In brief, the issue is as follows: in American society there is a dominant stereotype to view Asian-Americans as a model minority. The model minority term refers to ethnic, racial or religious group, which achieved a higher level of success than the population average. In the USA this term is most often used to describe Asian-Americans. The stereotyped Asian-Americans are seen as polite, intelligent and successful. In other words geek and nerd kind of reputation (Wu, p. 325).
There are two sides on the issue of model minority labeling of Asian-Americans. The first, the yes side is clearly represented by American scholar David A. Bell. His arguments are rigid and stereotypic. He stresses the rapid growth of Asian immigration to the USA during last decades (Bell, p. 313-314). Then, he points out that the general income in Asian-American families is larger than that of white American families (circa 23000 dollars vs. 20000 for whites) (Bell, p. 317). In this, he stresses the enrollment of family members in family business (according to the data he presents, all family members in Asian-American families work from 15 to 18 hours per day) (Bell, p. 321). According to Bell, Chinese usually work in restaurant and laundry business, Japanese in grocery and farming, Koreans in grocery. Furthermore, he highlights the high rates of university admission among Asian-Americans, their presupposed affinity to sciences and computing. It is a considerable contribution to the concept of model minority Asian-Americans.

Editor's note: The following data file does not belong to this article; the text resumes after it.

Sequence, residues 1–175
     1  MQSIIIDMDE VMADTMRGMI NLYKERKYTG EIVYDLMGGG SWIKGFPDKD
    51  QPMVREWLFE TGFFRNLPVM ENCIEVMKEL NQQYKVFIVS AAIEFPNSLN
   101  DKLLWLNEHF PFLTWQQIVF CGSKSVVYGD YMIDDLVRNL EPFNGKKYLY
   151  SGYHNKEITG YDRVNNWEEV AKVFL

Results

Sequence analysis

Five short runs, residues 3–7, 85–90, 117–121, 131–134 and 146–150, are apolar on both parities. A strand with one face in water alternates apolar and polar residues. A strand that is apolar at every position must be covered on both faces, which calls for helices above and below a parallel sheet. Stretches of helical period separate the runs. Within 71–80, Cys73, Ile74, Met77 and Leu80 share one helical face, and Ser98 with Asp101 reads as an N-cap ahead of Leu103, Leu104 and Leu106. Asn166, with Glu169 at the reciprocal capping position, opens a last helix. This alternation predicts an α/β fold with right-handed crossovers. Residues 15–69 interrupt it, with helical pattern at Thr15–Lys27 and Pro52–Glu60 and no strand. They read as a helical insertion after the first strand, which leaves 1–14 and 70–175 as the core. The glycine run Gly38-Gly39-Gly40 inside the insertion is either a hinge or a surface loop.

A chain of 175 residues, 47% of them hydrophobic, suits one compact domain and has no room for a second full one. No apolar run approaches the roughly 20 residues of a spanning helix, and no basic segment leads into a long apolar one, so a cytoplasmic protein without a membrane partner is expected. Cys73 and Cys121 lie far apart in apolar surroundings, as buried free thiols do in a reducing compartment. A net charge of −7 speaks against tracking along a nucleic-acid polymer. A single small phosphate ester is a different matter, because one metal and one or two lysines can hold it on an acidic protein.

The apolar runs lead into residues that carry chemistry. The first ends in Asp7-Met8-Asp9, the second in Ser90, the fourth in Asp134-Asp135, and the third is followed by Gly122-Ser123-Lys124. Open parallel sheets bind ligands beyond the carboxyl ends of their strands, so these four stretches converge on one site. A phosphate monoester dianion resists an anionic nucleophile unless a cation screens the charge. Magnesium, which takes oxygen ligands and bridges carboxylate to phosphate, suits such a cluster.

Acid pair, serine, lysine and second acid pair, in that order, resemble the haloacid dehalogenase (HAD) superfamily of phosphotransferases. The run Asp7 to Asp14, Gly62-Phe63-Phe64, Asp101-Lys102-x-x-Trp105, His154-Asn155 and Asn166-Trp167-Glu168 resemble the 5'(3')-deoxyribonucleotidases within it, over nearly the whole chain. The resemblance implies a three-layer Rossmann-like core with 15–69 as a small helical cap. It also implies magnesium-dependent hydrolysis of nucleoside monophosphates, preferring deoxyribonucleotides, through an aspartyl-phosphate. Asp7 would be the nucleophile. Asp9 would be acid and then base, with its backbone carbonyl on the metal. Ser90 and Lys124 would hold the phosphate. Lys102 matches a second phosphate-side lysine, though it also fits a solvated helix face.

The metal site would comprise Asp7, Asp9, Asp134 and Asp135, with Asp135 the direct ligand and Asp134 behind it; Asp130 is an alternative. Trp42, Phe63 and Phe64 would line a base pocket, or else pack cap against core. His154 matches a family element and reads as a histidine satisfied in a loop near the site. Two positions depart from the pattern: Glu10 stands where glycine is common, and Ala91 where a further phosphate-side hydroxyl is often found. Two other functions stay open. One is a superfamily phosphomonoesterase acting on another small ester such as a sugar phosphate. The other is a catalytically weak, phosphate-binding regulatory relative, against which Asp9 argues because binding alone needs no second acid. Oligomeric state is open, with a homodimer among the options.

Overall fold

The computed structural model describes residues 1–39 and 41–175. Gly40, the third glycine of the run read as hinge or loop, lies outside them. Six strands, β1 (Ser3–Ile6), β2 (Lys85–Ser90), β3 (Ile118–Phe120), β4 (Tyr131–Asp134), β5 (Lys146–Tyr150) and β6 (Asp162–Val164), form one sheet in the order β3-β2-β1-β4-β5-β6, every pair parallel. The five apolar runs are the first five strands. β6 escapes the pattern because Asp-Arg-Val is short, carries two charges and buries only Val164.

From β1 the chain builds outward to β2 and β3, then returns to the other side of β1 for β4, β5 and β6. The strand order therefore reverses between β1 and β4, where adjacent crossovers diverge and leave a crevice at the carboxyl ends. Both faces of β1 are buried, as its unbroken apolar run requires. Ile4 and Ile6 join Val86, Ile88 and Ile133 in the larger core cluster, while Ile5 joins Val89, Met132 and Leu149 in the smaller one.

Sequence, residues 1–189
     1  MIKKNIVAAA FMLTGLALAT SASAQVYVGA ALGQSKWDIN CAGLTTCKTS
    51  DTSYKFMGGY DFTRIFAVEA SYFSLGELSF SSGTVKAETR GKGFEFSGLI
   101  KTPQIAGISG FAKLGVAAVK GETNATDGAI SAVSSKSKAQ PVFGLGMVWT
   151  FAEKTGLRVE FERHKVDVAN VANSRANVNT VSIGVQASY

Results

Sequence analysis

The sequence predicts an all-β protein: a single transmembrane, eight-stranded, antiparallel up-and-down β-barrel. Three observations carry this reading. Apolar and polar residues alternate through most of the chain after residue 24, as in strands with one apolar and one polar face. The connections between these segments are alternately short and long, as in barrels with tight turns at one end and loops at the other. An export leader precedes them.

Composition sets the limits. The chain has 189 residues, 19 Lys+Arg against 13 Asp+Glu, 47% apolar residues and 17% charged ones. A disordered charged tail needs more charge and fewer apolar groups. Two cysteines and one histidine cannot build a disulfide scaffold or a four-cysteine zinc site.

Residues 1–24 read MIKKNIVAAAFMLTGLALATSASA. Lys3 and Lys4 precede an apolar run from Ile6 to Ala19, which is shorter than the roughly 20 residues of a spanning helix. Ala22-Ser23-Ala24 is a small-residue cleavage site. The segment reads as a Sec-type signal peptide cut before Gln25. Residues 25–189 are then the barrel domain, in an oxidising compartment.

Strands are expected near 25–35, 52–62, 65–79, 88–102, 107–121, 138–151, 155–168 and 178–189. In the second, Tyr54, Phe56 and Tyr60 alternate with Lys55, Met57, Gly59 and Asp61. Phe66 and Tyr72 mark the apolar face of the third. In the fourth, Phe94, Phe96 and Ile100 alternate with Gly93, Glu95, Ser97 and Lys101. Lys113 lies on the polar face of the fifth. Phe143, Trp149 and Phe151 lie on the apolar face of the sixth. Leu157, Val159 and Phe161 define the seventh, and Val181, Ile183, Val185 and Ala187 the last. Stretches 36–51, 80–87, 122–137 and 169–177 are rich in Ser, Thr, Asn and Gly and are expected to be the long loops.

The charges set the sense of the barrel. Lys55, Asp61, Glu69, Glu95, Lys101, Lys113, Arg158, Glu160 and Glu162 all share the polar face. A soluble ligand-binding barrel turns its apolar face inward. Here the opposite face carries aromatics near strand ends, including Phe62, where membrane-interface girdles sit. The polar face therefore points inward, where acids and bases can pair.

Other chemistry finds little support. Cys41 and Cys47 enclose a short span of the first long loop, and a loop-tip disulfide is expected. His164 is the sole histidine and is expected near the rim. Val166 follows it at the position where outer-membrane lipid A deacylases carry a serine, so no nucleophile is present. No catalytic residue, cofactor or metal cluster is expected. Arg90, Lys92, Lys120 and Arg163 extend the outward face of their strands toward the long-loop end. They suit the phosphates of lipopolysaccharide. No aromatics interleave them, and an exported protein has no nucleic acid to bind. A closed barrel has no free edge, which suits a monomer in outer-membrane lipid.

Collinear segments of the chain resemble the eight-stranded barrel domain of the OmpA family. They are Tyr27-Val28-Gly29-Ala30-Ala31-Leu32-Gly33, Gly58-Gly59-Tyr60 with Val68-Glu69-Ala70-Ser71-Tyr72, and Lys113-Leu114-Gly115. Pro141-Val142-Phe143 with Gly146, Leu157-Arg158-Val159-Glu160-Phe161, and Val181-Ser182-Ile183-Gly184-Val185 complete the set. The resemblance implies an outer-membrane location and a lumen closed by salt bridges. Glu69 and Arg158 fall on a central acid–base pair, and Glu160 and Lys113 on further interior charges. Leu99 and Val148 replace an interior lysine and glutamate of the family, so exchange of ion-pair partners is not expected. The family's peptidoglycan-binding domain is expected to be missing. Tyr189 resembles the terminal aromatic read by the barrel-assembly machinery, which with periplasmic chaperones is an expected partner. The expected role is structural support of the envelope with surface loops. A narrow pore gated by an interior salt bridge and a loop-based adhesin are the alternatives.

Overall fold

On the other side, Asian-American scholar Frank H. Wu depicts the ridiculous Asian-American stereotype, which exists in the minds of white Americans. They flee from famine, war or communist oppression from China, Japan, Vietnam, Korea and Philippines. They start off with pidgin English but eventually enter the best universities and work for Nobel Prize in physics, math or whatever. Or they get a job in a high-tech company and buy big houses, cars and bring their relatives along. In his view, a model minority image is a negative image.
Although the fact that Asian-Americans are more educated and qualified cannot be argued, Wu states that they are underpaid taking the same jobs as whites. He points out that while Chinese and Japanese Americans are closer to whites in their income and life quality, the Vietnamese and other Asians linger in poverty. What is more important that the income of the upper-managers of Japanese-based multinational companies is added to the total income, making the figures soar. In fact, these managers are a part of a world upper-class and have no relation to Asian-Americans. Wu claims model minority myth as a form of racism (by the words of a novelist F. Chin racist love). As a result of this myth, Asian-Americans are used by the government as an example for Afro-Americans, which makes the enmity between them even worse (Wu, p. 332).
I, personally, agree with the point of view of Frank H. Wu. The model minority myth is really a dangerous stereotype which threatens Asian-Americans security and well-being. Moreover, it gives ground for racial bias and violence, based on racism. Asian-Americans are not a model minority; we are a middle minority just like any other. It may be that we are different, but we are not better or worse than white Americans in any sense. There is no need to celebrate us as well there is no need to look down upon us as the people of the second sort. That can be equally dangerous.
Bell, David A. America’s Greatest Success Story: The Triumph of Asian-Americans. Web. 31 July 2011.
Wu, Frank H. The Model Minority: Asian American Success as a Race Relations Failure. Web. 31 July 2011.